In an area of Charlotte that was once bustling with industrial and textile activity, access to the railroad was key for cotton magnates and getting their products to market.
Today’s neighborhoods like NoDa, Dilworth, Elizabeth and others in the Queen City are also looking to rail as a lifeline for development and attracting new residents. But today, it’s the Blue Line LYNX light rail that’s getting all the attention, and the proximity to that Blue Line is a major factor in attracting a developer to a new 135,000-square-foot renovation project in Optimist Park known as Tompkins Hall.
The redevelopment of a former textile mill is the latest joint project for Charlotte-based White Point Partners and Atlanta-based Paces Properties.
Erik Johnson of White Point Partners said the project had a lot going for it which drew his company to work on it.
“The combination of the Blue Line Extension and being adjacent to the Parkwood Station made this a great location,” Johnson said. He also pointed to the nearness of the Multi-Use Trial providing bike and pedestrian access as a real highlight.
Other details that piqued his interest included that the former mill was close to Uptown and a 15-minute or less drive from including many neighborhoods – NoDa, Dilworth, Plaza Midwood, Elizabeth, Eastover, Myers Park, Fox Croft and Barclay Downs.
He also liked “the character in the 100 plus year-old building” when it comes to attracting tenants.
Although the project has no tenants officially announced yet, they are actively seeking restaurants, retail and office clients to move into a piece of Charlotte history. And the company plans to hold onto some of that history, unlike other projects in Charlotte’s past. The city is somewhat known for getting rid of anything too old and constantly resetting the skyline. But that won’t be the case for Tompkins Hall.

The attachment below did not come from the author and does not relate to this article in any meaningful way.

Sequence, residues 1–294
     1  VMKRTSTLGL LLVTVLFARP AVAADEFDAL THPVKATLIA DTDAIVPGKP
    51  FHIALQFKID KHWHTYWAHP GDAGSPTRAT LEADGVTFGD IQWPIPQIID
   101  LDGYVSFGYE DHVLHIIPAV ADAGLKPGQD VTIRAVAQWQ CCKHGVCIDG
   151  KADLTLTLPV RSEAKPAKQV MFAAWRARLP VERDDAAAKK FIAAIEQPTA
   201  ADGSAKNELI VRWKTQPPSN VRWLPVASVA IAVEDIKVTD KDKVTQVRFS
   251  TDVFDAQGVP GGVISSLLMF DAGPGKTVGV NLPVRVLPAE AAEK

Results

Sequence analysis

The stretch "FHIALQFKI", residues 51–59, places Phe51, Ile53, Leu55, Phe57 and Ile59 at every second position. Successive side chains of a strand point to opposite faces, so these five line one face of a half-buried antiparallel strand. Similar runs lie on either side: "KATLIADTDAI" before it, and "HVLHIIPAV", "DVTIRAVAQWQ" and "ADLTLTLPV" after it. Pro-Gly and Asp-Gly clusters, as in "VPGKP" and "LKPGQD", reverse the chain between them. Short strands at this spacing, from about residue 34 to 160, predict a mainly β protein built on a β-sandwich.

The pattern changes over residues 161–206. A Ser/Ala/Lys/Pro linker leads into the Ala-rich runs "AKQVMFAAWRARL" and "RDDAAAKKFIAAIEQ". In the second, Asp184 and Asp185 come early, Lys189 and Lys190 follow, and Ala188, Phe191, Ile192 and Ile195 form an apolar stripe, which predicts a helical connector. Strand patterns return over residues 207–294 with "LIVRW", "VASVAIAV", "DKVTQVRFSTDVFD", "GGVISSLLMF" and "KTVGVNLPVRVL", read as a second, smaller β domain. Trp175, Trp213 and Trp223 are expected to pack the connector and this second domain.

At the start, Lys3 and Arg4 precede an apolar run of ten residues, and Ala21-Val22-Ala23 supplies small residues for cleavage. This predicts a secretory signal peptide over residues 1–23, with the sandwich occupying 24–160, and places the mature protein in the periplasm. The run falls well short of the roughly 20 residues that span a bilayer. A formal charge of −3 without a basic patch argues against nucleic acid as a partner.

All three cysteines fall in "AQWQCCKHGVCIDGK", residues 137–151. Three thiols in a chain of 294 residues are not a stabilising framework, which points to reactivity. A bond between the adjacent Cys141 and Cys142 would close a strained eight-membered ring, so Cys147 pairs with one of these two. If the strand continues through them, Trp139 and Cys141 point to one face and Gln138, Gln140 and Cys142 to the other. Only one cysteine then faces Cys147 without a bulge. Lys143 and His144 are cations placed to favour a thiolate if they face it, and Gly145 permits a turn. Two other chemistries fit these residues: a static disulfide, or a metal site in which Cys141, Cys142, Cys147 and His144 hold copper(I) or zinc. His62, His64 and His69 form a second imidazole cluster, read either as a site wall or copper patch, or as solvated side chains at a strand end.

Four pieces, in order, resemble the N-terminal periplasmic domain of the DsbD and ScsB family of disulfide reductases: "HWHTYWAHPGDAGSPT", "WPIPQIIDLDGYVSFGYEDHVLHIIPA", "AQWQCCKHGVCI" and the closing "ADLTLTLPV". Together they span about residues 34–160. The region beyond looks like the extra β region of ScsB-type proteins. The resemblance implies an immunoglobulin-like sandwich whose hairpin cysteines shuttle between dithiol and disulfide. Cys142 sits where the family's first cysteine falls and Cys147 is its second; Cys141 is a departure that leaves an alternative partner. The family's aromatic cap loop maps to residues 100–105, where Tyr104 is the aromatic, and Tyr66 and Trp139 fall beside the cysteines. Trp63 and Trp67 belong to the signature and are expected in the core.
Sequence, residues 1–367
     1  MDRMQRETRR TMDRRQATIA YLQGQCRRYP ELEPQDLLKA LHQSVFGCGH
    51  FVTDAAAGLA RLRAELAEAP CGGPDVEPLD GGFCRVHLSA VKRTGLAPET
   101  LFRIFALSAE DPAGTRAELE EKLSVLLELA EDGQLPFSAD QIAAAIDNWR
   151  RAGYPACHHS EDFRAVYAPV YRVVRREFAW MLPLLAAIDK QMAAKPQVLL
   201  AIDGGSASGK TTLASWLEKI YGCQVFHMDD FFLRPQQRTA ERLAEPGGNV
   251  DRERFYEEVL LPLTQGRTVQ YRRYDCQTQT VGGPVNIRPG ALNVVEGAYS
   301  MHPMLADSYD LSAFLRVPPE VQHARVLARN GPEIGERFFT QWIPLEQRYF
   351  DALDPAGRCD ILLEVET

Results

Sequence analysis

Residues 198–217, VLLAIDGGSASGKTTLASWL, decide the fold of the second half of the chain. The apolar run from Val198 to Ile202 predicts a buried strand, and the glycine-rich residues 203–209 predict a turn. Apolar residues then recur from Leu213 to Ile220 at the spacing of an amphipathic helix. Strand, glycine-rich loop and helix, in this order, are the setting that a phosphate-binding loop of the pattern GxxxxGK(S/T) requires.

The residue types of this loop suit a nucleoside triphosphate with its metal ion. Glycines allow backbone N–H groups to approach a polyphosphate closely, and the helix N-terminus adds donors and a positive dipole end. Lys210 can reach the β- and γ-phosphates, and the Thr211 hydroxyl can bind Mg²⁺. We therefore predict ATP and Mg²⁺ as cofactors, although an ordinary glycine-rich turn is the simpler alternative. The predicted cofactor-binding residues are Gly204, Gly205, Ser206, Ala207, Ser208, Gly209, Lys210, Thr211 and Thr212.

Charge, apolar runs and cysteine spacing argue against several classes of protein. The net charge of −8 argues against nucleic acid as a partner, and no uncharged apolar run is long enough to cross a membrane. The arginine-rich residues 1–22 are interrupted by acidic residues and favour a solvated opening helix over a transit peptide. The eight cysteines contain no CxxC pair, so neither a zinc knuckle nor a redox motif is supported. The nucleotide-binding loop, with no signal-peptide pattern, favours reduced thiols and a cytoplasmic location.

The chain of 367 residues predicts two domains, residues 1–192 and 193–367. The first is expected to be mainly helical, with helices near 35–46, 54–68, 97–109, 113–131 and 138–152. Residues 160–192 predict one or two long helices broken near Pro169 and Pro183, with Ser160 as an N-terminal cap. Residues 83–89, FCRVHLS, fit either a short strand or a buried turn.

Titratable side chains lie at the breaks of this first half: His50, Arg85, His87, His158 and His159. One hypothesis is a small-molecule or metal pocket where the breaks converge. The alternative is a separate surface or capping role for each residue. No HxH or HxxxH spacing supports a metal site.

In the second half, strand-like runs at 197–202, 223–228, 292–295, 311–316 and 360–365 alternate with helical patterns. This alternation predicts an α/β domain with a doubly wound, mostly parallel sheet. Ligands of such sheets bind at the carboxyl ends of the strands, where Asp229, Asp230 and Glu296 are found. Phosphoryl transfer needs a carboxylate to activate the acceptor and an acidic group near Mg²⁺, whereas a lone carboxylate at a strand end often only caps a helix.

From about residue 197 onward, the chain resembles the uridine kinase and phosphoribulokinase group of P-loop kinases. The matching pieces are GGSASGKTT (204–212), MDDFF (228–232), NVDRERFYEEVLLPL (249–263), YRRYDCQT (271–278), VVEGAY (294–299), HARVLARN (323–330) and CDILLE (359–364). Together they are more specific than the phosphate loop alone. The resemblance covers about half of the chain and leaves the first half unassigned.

The project gets its name from D.A. Tompkins, the textile man who built most of the property in the 1890s. Tompkins name is synonymous with many mill buildings and the basic design of such buildings all around the South in his era.
In deference to this original design aesthetic, the project intends to reuse support beams, hardwood floors and other material components of the old mill. Also, ceiling heights will be around 14 feet as a nod to the industrial past of the building.
The project intends to break the space up into three portions. There will be 35,000 square feet of restaurant and retail space, 80,000 square feet set aside for office space and 20,000 square feet for a food hall – a wide open space that serves as a market for ice cream shops, pet supplies, coffee shops, butcher shops – and lots more types of vendors. The idea is popular in larger metropolises like Krog Street Market in Atlanta or Chelsea Market in New York City.
Johnson said he thought Tompkins Hall would be a real draw based on the aspects it shares with those other famous markets and recent popular projects in Charlotte.
“It’s what has been successful in other cities and with the light rail and greenways, this is now catching on here,” he said. “People crave connectivity and interesting architecture. Tompkins Hall will offer this, experiential retail and a truly unique office environment.”
The initial remediation construction work began in October, but the project isn’t expected to begin in earnest until early 2017. Developers plan to have the project open for business by late 2017 or early 2018, Johnson said.
The project will be within walking distance of the proposed Parkwood Station stop on the Blue Line LYNX Light Rail and plans to have about 600 parking spaces nearby also. And there is a 225-unit apartment community adjacent to the property.
Research by the developer shows there are approximately 175,000 people who live 10 minutes or less away from the property by car and about 380,000 people who live within 15 minutes of the property.